Posts Tagged ‘Joe Lynch’

Steven Yeun

“MAYHEM”  My rating: C+ (Opens Nov. 10 at the Screenland Tapcade)

86 minutes | No MPAA rating

Joe Lynch’s “Mayhem” more than lives up to its name.

This giddy celebration of pointless violence finds Steven Yeun, late of cable’s “The Walking Dead,” playing attorney Derek Cho,  an employee of a take-no-prisoners law firm that represents the worst in contemporary American culture and capitalism.

Framed by a fellow attorney for a major screwup on a big case, a defeated Derek is cleaning out his office when police surround the firm’s high-rise  and inform those inside that a particularly malevolent virus has been detected on the premises.

Known as ID-7, this nasty bug causes the infected to lose all the inhibitions that normally keep us from sexually assaulting and or mercilessly beating our fellow men.

An anti-virus has been released into the building’s air conditioning, but it will take eight hours to kick in. Until then the place is under strict quarantine.


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everly“EVERLY” My rating: B-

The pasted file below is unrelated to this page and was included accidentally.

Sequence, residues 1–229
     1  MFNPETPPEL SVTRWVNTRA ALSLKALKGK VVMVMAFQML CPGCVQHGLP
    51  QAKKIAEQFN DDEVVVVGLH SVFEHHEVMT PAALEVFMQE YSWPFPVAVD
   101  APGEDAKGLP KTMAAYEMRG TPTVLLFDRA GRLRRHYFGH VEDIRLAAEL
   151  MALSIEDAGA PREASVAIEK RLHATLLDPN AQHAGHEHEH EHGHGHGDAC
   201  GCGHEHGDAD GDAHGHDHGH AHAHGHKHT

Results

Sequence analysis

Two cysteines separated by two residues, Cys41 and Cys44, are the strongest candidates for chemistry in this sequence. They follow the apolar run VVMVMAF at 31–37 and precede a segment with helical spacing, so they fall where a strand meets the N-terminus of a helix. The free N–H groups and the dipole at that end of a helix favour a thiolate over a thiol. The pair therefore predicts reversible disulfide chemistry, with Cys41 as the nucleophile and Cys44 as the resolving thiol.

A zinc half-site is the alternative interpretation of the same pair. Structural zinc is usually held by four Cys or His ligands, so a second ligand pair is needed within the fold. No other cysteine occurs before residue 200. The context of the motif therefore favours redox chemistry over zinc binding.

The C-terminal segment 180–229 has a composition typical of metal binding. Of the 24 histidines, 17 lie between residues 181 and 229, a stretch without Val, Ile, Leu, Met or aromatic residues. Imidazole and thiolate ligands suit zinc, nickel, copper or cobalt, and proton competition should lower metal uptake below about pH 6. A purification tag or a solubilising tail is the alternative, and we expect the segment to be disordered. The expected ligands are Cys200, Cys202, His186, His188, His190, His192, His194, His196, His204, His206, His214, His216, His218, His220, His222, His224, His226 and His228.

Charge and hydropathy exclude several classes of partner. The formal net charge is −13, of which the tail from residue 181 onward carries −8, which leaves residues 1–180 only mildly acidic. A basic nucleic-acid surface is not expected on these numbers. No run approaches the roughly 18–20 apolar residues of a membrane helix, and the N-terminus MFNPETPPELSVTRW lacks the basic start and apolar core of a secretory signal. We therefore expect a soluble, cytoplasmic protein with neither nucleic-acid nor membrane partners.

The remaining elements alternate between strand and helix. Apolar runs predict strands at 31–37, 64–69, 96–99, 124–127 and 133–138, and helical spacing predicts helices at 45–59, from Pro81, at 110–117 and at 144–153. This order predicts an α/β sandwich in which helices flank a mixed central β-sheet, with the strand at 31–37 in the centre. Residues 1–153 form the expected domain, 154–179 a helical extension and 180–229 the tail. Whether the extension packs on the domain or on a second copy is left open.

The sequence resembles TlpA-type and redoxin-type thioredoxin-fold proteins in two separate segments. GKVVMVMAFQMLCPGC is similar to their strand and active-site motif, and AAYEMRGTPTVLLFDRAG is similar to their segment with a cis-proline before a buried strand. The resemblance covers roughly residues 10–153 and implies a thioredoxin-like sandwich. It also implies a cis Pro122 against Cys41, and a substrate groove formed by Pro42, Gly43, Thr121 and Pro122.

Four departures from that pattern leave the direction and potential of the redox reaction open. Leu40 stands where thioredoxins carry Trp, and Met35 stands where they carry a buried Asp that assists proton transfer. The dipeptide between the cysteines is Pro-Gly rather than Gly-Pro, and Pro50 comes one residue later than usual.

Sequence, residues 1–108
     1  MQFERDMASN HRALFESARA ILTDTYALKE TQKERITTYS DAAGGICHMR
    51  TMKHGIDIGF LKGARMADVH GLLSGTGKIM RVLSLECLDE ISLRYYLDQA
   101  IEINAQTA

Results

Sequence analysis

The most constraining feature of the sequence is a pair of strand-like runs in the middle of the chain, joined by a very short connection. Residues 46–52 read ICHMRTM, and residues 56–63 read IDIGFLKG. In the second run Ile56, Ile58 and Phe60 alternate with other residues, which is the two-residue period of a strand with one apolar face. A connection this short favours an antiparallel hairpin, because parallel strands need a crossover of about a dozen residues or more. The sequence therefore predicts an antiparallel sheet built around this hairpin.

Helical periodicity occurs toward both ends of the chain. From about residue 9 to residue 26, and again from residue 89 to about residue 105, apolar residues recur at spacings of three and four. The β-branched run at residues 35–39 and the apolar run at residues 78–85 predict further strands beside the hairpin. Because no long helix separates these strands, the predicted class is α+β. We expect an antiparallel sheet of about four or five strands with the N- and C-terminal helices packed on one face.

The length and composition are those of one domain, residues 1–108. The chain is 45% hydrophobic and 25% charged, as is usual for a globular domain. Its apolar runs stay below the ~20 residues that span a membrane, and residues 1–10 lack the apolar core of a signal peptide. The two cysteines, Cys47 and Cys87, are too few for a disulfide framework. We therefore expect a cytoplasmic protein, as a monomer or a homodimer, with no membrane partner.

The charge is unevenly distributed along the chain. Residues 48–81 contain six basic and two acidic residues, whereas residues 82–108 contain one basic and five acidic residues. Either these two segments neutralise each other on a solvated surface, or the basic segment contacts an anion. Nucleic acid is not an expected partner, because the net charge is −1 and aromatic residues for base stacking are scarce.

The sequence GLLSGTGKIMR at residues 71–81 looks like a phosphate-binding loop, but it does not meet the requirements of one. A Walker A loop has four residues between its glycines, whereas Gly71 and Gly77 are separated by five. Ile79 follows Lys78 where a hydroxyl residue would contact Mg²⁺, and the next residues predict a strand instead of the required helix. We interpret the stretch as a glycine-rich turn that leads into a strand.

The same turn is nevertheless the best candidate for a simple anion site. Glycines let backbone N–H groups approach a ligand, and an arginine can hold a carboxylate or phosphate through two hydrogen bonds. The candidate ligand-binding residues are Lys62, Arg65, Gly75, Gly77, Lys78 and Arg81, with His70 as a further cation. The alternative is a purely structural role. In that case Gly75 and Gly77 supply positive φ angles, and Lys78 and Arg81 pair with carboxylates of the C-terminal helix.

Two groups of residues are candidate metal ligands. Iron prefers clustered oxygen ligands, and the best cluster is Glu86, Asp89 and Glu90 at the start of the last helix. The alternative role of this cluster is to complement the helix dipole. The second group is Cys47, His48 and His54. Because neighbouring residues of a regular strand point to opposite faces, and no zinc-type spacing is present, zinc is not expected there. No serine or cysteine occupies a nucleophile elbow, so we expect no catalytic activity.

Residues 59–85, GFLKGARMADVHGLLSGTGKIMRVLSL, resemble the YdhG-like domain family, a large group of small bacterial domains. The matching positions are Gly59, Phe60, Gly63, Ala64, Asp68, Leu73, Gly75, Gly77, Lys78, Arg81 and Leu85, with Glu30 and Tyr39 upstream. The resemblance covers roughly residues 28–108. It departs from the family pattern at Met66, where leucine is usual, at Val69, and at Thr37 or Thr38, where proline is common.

92 minutes | MPAA rating: R

Few things speak more directly to a man’s reptilian brain than a beautiful woman firing  a big honking gun.

By that reckoning, “Everly”  is the exploitation equivalent of “Citizen Kane.”

The latest from writer/director Joe Lynch (who specializes in high-end “bad” films…see his “Wrong Turn 2: Dead End”) finds the ever-luscious Salma Hayek portraying Everly, a woman who for several years has been kept in sexual slavery by the leader of a Japanese crime gang.

The film starts in darkness with the brutal sounds of Everly being raped by several men. Then she stumbles naked into a bathroom, lifts the lid off the back of the toilet and retrieves an automatic pistol in a waterproof bag.

The first rapist who comes pounding on the door for more action gets perforated for his trouble. Then our girl mows down a half dozen more of the creeps who’ve been lounging around the apartment which has been her prison.

“Everly” takes place in 90 real-time minutes as the titular character desperately tries to contact her estranged mother (Laura Cepeda), who has been caring for Everly’s young daughter (Aisha Ayamah).

Meanwhile she must defend herself not only from wave after wave of assassins, but from the prostitutes in adjacent apartments who hope to claim the bounty on her head.


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